Save the Date:  October 21-23 for the First Annual Readerly NaNoPlanMo Virtual Writing Retreat

Do you dream of joining in with others during NaNoWriMo, but run out of gas about half way through? Do you have an idea for a novel, but you are not sure how to get started and make real progress? Do you struggle with finding time to write, because you have a busy schedule and no trust fund?

Join me, guest authors, and other writers to stop procrastinating and get started with concrete steps.  If you have already started your novel, you will benefit from learning different styles for outlining, which will work for drafting or revising, and the strategies for finding time to write so you can meet your goals.

What writers get:

  • Time with other writers!
  • Inspiration for finding time to write your novel
  • Dedicated writing time
  • Practical help outlining your novel
  • Everything you need to outline your novel, set writing goals, and get started on your book in the run up to NaNoWritMo

If you are looking for inspiration, practical strategies, and dedicated time to write, the Readerly NaNoPlanMo Virtual Retreat might be for you. Details coming soon!

Is your luggage too full? What about your novel?

Readers of the Readerly Tea Break will know that my husband and I recently came to Estonia with the intention of staying long term.  One of the decisions we made was to economize by only bringing two checked bags each—at the last minute through the kind offices of a friend group, we were gifted an additional bag, for a total of five.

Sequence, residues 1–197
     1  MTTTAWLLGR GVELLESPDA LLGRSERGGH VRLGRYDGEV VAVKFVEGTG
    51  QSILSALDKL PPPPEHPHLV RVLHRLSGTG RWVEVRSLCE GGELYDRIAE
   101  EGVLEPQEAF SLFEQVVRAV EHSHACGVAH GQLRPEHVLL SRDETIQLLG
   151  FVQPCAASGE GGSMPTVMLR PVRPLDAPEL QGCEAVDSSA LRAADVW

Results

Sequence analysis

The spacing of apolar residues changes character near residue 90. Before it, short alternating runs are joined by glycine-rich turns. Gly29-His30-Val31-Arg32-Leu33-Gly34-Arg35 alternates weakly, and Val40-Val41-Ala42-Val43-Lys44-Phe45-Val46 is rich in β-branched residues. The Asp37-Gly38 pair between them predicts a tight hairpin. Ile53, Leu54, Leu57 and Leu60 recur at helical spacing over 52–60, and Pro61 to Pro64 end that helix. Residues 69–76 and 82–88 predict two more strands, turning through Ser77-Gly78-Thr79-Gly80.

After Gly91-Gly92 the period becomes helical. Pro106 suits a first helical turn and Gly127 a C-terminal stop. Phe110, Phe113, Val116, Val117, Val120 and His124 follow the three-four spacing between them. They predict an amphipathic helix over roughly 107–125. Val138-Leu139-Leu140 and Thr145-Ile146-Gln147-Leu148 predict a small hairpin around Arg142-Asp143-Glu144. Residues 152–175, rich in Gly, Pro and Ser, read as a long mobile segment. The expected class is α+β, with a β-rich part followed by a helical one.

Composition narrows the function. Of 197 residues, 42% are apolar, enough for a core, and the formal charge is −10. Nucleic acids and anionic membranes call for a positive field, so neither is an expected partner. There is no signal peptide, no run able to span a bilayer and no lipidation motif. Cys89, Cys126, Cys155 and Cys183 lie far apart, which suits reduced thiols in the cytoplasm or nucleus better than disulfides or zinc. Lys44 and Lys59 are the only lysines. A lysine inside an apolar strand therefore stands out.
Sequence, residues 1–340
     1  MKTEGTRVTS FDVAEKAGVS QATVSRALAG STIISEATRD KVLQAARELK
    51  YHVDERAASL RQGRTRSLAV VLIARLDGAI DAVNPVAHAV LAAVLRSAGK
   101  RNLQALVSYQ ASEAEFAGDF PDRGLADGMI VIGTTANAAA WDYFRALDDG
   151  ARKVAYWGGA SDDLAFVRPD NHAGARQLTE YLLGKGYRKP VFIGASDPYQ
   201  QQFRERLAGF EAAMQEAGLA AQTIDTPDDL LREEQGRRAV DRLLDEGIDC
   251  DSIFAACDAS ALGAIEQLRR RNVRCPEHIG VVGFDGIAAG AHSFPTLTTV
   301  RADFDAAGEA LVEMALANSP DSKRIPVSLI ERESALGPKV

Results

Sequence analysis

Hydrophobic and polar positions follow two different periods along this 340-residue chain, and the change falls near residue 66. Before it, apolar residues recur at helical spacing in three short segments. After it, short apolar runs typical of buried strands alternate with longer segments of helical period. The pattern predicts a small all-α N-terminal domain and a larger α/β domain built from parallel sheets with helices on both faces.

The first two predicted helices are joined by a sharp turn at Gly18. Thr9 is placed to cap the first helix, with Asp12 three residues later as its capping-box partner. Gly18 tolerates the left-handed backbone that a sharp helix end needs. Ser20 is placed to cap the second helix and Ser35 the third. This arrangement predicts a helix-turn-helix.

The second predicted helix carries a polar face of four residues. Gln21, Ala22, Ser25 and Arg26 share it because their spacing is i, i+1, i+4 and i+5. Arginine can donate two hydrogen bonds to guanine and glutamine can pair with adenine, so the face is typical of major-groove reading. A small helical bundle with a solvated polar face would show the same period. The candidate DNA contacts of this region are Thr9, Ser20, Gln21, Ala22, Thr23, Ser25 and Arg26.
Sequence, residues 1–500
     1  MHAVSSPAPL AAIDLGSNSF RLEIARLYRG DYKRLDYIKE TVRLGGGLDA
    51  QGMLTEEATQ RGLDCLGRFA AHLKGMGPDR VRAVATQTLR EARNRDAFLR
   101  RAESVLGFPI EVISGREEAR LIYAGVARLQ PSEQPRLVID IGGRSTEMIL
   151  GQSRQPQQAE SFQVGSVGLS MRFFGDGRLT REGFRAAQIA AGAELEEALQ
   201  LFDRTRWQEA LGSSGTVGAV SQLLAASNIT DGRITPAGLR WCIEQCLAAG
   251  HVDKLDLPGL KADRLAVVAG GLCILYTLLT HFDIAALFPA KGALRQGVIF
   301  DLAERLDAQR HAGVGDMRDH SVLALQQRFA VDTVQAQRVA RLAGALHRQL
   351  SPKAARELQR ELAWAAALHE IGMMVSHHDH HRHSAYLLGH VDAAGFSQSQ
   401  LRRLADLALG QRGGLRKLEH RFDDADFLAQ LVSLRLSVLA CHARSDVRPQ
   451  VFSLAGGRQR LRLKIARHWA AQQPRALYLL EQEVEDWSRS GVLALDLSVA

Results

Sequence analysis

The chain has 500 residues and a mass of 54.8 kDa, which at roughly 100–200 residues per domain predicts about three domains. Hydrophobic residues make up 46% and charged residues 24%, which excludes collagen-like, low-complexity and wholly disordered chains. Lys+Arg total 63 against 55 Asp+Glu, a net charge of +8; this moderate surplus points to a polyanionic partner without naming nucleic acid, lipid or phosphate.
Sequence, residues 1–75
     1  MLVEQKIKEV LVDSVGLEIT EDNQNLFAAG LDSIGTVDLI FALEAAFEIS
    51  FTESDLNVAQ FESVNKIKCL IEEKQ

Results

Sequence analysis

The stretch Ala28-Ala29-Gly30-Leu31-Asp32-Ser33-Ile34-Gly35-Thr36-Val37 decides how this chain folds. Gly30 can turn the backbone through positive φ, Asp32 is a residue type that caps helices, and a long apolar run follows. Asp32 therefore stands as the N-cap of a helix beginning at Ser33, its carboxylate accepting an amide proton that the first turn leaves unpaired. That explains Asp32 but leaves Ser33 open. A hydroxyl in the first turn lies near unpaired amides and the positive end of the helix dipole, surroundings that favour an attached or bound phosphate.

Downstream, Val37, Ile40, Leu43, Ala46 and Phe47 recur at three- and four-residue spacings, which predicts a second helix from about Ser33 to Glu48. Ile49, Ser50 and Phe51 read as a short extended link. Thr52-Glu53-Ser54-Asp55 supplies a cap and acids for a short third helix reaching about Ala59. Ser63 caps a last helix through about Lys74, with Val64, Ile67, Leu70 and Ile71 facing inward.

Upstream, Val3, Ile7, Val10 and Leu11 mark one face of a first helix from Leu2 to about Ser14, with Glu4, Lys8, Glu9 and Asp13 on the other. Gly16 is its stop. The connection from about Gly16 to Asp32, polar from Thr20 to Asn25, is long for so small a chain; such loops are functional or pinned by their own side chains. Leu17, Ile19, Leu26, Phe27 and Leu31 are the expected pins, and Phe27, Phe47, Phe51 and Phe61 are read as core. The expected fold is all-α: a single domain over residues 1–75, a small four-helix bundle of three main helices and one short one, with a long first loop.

Think about this for just a second.  You need to pack everything you might need for a year into 2.5 bags.  Obviously, we will purchase some things and apartments in Estonia are largely furnished, so we aren’t bringing household items, though I did manage to pack my French Press and some of my favorite teas…  But everything you will wear or want from home must go into 2.5 bags.  And there is a weight limit of 23 kilos (about 50ish pounds).  What do you put into the bags?  What is important enough to go and what has to stay?

Writers are faced with a similar dilemma when they revise.  You must sort through that first draft and make decisions about what is working and what is not.  You may not be stepping onto a literal scale to weigh your baggage as we did, but you will make difficult choices.  If the French Press stays, what gets left behind?  If you add the family photos, what do you remove from your bag?  If you leave the inciting incident the way it is, is the reaction of your protagonist believable?  Is the incident enough to kick off the story?  What about the consequences of your characters’ decisions?  Are the stakes high enough?  Do you need to add something and take away something else?  Most likely all of the above!